As much as I would like to pretend that the facts above mean making money in storage is a foregone conclusion, that simply isn't the case. Running a successful storage investing operation is a business and deserves to be treated like one. This is not mailbox money. It takes work (at least initially) and then a degree of oversight to make sure you maximize your profitability. Gone are the days where you can throw up a couple row buildings of garages in a corn field and make money. The industry is far too sophisticated today to allow that. For many years (think 1980's) storage was just coming onto the scene and it was seen by many as the ugly step child of commercial real estate. As demand grew and the industry matured over the subsequent decades, storage has emerged as one of the (and often the single most) profitable sector of commercial real estate.
These profits aren't automatic though. You have to be willing to learn the industry and apply what you learn. As an example, storage customers are largely impulse customers meaning when the need for storage arises, it arises quickly. And they, by in large, want that need met instantly. As such, when your phone rings, you or someone you delegate to (more on that later) have to be available to meet their need. If you aren't, they won't still need you by the time you get back to them. This is another big difference between storage and apartments. Think about it, if you post an ad to fill a vacant apartment and miss a call, its not likely that that potential renter will have found and moved into an apartment by the time you call them back the next day. In the storage world though, that potential renter could have very likely found someone to meet their need in the hours between when they call you and when you finally get back to them. This is a challenge for storage owners but also an opportunity for the savvy investor.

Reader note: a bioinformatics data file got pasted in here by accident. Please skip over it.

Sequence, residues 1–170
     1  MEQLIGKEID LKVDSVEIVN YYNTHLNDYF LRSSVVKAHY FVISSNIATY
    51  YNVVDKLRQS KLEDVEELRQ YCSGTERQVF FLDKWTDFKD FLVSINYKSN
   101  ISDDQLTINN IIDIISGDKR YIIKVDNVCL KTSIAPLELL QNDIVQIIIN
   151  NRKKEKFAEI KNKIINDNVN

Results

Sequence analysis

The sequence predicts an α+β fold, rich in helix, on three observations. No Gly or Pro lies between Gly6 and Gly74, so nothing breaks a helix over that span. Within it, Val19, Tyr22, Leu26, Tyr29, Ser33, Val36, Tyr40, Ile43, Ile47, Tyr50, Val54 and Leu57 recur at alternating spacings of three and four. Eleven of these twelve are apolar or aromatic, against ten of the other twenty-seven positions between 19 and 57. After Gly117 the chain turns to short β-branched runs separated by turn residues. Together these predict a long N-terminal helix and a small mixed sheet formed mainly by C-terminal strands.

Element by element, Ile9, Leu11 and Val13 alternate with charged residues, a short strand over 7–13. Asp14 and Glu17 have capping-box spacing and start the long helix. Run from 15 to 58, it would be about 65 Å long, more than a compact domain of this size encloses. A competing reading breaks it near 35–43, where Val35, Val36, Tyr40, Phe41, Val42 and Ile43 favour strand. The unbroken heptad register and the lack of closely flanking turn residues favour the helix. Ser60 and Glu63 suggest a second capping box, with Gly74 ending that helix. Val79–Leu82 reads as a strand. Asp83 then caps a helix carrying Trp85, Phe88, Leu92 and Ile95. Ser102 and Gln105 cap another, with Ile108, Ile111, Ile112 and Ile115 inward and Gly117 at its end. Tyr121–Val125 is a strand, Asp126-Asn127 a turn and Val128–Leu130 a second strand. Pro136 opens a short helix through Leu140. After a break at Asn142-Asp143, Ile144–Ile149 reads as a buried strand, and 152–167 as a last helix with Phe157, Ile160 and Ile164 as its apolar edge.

Personally, I spend about 5-10 hours per week running 3 storage facilities that total roughly 76,000 square feet of storage and generate $480,000 of annual revenue. The three pronged remote management system that I have devised allows customers to rent storage from you, pay you and get all of their questions answered without you ever having to meet with or even speak to them...and you can do this with or without employees depending on your market and, to a greater extent, your preferences.
The above is just a few of the many reasons that I love self storage! I look forward to sharing more about this industry in the weeks and months to come. Please post questions or comments below and I will be sure to get back to you.